being diagonal to the major axis of the device
and extending toward the large toe. In a right
shoe support the corresponding parts would be
reversed, so that said front edge would also ex
25
tend diagonally toward the large toe of the right
foot.
The outer sole of the shoe is indicated at 23
and the inner sole at 24. The arch support is
located between the two soles, as shown in Fig. 1. 30
The slightly ñexible stiifener carrying the re
silient pads Iï and 2| is so mounted and loc-ated
that the forward portion forms a firm but resil
ient support for the metatarsal bones 25 and pre
vents the formation of gaps between the ends of
the bones at the points 26. When the space oc
cupied by the pads I‘I and 2|, adjacent the base
of the shank or place where the sole hinges, is
not properly filled, the metatarsal bones are not
properly supported and assume a slightly more
perpendicular position which results in the for
mation of gaps between the bone ends at the
points 2S and consequent breaking down of the
arches.
The relative positions of the upper and lower 45
pads on the stiiïener and their location in the
shoe is such that the stiffener does not extend
forwardly suñiciently to interfere with the hinge
action of the sole but the pads extend forwardly
of the edge I2 of the stiffener in such relation 50
ship to each other that the pad I’I supports the
metatarsal bones and the pad 2| absorbs shocks
and resilìently supports the stiifener end.
Changes may be made in details of construc
tion without departing from the scope of my in 55
2
2,029,409
vention and I do not intend to be limited to the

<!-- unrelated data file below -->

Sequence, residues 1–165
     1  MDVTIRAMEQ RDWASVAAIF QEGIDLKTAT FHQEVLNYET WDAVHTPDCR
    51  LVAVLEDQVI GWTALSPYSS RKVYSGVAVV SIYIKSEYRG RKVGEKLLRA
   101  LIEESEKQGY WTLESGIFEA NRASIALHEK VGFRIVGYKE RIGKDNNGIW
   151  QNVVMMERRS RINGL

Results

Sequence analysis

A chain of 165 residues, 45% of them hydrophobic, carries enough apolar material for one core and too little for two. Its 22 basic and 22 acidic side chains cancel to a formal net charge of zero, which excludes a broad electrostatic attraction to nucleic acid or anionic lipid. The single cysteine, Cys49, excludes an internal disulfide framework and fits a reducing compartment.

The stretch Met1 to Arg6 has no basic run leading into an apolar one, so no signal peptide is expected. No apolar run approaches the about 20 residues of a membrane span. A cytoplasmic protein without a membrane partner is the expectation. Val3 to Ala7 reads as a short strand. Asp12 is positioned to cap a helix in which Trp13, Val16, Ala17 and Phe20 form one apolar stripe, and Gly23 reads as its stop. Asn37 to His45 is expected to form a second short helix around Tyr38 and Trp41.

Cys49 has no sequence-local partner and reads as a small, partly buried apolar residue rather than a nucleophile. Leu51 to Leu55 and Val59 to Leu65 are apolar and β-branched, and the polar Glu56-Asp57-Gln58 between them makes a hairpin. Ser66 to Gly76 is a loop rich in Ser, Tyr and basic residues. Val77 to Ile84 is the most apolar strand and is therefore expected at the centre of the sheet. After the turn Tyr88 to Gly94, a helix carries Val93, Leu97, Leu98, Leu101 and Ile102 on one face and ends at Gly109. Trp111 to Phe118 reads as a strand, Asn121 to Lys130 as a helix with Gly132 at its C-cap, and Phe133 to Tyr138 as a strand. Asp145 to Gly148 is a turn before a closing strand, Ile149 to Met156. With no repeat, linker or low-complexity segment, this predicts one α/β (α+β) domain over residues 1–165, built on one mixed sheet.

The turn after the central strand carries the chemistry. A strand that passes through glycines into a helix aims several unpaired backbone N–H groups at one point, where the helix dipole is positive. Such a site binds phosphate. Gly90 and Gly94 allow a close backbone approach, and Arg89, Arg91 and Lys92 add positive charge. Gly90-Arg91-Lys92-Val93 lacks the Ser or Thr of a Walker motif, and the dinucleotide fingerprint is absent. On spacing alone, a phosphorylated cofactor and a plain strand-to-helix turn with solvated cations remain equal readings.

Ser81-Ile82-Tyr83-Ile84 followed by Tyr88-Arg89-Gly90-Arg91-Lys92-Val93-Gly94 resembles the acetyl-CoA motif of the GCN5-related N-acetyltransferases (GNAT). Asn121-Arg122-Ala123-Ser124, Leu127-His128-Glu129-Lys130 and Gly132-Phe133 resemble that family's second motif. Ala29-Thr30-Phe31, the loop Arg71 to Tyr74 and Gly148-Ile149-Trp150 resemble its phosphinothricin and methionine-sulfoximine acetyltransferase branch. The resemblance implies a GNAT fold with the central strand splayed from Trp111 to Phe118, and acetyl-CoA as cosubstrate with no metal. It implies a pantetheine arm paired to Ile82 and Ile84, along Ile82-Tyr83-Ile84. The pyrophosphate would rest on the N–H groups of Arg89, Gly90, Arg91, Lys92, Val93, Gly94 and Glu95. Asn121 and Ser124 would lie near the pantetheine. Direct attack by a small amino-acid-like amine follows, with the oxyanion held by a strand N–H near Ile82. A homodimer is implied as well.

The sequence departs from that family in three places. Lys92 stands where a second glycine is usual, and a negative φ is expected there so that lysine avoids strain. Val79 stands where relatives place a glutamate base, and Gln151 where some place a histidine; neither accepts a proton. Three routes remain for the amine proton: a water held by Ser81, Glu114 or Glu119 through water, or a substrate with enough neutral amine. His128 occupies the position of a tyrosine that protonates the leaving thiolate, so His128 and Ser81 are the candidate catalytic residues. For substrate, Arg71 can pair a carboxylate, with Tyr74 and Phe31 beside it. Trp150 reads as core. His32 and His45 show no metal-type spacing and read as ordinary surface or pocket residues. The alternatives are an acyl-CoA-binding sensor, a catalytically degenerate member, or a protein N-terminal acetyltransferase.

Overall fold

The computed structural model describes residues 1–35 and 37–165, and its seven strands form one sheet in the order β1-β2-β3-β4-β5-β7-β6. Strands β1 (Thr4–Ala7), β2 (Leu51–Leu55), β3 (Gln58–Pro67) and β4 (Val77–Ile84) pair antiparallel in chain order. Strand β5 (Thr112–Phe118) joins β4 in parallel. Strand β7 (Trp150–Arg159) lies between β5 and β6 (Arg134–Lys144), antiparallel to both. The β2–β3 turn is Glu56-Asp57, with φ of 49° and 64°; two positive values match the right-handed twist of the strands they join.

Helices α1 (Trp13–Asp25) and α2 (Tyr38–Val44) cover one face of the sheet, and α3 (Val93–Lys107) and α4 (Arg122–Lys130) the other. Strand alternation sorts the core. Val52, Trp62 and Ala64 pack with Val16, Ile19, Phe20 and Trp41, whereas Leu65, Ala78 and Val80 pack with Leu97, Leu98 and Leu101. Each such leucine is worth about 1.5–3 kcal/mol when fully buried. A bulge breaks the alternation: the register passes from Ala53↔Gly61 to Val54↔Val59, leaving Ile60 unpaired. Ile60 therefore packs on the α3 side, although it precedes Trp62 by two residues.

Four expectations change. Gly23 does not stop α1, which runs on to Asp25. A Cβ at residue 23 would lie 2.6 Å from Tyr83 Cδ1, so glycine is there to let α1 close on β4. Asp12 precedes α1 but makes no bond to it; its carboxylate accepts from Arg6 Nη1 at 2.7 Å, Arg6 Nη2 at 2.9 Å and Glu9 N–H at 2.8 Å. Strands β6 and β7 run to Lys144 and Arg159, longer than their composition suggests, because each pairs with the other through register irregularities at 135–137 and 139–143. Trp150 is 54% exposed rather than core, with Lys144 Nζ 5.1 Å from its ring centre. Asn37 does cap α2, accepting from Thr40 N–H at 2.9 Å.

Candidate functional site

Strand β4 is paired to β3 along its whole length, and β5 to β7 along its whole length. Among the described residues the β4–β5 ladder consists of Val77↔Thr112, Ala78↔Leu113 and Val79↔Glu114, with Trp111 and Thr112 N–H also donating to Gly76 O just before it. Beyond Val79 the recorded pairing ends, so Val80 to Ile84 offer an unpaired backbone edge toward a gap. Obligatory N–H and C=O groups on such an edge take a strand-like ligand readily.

eXact form shown and described, except as set’
forth in the appended claims.
I claimz-
»
Y
1. An arch support shoe comprising an arch
support extending longitudinally beneath the in
ner soleV on the shank of the shoe, secured to` the
shoe at its rearward end and unattached at its
forward end, said support consisting of a metal
10 stiffener having an upper surface longitudinally
convex and a flattened outer end portion, said
convex portion being of less length than the shank
over which it extends, whereby the flattened end
portion projects over and is spaced from the hinge
15 portion between the tread and shank portions of
the sole, an upper crowned resilient pad secured
to the forward end portion of the stiffener to
overlie approximately one-third of the stiffener
surface and protruding beyond the forward end,
20 and a flat lower pad secured to the under side
of the stiifener and protruding forwardly and
sidewise of the forward portion of the upper pad
and bridging the hinge portion of the tread and
shank.
2. An arch support shoe comprising an arch
support extending longitudinally beneath the in
ner sole on the shank of the shoe, secured to the
shoe at its rearward end and unattac'hed at its
forward end, the forward end portion overlying 5
the base of the shank where the sole hinges, said
arch support comprising a metal stíiîener the
intermediate portion of which is arched to over
lie the major portion 'of the shank and the for
ward end portion is flattened above the base of 10
the shank to extend outwardly towards the tread
of the sole in spaced relation to the hinge por
tion of the shank and tread, and resilient pads
secured to the upper and lower surfaces of the
forward end of the stiffener, the longitudinal 15
curvature of the stiffener being such that its for
ward portion springily supports the metatarsal
bones of the foot of a wearer, and the lower pad
being located to underlie the forward end of the
stiffener and to protrude beyond the forward end ~
of the upper pad and engage the sole at a point
forwardly of the end of the stiffener.
'
LOUIS C. BRAND. l
'